6. Be open to suggestions and changes

Be open to suggestions - a tip that holds for both MNO and project team. Not every question can be answered before implementation, but each party brings important insights from the ground. There is value in working with a provider who not only listens and provides insight, but also reacts to what the project team wants to do. 

As mentioned above, for example, the Konbit project team worked with Digical Haiti to focus on incoming rather than outgoing calls. (Konbit is currently being piloted in Haiti and aims to register 3000 users in the first month; will report back on how that is going.)

7. Be realistic and honest

Keep in mind the size and scope of your project at all times. MNOs have specific processes they work through. If your project grows during the pilot, it may complicate and delay implementations. Be realistic up front about what you anticipate needing from the MNO. It is not a good idea to sell the project short. If you get an MNO on board with a less-than-developed project, only to come back at a later date and ask for more support or further build-out, you may run into resistance.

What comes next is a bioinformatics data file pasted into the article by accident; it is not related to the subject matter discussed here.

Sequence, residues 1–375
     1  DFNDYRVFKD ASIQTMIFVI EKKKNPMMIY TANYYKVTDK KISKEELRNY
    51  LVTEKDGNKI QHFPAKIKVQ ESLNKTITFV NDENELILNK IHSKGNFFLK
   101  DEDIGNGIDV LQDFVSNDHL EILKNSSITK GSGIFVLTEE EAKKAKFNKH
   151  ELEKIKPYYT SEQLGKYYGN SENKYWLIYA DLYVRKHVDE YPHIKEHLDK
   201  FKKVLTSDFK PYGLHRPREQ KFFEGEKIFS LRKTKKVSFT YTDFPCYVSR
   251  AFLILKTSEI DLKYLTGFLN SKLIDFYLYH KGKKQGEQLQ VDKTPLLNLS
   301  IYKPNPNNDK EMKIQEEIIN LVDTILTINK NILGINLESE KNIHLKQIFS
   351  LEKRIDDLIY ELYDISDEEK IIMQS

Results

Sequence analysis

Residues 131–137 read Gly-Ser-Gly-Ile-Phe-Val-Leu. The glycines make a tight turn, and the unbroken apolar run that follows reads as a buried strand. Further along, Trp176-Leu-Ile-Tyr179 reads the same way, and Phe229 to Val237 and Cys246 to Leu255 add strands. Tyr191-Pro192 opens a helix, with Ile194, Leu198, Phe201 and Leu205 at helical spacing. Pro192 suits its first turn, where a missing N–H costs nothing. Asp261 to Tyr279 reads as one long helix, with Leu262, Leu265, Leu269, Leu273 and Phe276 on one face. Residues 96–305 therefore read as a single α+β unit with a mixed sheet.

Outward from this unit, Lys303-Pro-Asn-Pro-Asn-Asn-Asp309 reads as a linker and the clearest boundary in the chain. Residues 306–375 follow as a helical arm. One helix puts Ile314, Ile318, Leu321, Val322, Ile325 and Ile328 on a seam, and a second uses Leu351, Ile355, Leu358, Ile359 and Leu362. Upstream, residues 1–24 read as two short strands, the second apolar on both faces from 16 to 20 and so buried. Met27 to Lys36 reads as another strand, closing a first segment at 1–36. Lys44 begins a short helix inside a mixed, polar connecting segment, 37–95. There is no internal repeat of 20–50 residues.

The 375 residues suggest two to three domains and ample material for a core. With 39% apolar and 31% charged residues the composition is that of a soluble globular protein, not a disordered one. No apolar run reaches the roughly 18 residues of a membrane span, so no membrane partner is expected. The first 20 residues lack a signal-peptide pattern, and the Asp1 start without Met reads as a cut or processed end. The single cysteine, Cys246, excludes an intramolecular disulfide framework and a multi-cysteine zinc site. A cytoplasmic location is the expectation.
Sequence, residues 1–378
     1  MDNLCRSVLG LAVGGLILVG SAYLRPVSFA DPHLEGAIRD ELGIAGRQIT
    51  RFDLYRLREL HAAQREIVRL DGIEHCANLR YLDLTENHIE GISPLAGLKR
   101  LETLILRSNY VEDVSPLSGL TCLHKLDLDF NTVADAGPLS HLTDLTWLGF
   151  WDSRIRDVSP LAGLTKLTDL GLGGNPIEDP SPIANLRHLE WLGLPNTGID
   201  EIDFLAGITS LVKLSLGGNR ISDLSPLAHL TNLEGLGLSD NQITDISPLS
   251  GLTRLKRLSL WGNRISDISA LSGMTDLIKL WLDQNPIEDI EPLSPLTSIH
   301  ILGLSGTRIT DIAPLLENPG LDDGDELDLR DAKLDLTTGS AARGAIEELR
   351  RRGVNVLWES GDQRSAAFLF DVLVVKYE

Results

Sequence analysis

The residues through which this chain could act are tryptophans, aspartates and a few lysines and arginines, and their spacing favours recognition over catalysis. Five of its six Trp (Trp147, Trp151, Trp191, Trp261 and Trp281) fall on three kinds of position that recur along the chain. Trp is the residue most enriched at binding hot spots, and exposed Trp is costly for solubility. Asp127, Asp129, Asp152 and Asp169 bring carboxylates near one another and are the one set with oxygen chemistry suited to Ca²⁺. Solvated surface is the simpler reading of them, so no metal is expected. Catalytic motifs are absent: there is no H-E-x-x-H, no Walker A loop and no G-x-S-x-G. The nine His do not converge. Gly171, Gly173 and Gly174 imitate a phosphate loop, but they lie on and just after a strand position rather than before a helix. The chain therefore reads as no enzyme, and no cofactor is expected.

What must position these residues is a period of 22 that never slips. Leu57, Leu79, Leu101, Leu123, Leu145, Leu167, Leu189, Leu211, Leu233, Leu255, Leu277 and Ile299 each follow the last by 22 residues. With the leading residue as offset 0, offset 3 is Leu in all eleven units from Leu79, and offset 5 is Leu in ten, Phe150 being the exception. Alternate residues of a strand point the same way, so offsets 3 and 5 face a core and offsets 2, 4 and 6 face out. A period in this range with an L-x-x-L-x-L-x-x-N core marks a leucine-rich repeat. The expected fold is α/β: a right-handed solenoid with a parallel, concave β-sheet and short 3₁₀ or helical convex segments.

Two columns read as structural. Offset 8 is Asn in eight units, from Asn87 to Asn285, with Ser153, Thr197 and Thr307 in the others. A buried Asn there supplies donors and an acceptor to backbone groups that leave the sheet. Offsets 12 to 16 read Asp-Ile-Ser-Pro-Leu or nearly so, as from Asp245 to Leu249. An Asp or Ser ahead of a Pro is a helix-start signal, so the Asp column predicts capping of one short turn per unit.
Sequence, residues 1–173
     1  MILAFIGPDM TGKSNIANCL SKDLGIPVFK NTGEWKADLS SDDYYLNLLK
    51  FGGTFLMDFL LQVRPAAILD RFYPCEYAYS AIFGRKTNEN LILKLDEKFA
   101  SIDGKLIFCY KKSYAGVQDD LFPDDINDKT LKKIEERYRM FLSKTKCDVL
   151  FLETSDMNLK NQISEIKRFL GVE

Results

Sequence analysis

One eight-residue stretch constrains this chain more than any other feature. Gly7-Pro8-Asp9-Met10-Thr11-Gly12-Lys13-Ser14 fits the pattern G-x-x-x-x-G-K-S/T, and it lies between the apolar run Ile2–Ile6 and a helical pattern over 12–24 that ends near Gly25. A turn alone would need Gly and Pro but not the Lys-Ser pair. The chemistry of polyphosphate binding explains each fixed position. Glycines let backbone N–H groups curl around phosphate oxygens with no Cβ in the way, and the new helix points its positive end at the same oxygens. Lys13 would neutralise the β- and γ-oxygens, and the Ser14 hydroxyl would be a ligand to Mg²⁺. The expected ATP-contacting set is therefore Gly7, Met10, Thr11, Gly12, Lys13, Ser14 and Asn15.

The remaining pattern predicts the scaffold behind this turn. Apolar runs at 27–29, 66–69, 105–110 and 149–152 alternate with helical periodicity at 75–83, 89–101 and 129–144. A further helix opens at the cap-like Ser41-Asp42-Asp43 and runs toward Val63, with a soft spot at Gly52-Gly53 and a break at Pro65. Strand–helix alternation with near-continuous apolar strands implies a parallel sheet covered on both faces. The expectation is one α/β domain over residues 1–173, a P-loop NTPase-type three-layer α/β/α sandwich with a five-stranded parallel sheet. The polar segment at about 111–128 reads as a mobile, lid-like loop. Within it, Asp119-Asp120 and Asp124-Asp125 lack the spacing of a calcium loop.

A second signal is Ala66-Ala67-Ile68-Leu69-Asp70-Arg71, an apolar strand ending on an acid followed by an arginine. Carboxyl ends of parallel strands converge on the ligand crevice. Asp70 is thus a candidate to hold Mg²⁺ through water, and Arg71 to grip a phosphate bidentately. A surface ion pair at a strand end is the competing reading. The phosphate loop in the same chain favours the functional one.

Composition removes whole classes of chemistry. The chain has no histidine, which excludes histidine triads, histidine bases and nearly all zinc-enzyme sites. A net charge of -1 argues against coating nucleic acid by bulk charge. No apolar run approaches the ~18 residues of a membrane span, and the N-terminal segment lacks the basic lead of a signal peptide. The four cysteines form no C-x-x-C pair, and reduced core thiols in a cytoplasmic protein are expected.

In many cases, it may be best to approach and partner with an MNO after a project has been piloted. Project Mwana in Zambia is a case in point. There the UNICEF project team approached and worked with mobile providers after completeing a trial.  (Project Mwana looked at how mobile technology could strengthen a larger UNICEF project, and included analysis of early infant HIV/AIDS diagnosis and patient tracking at rural clinics.)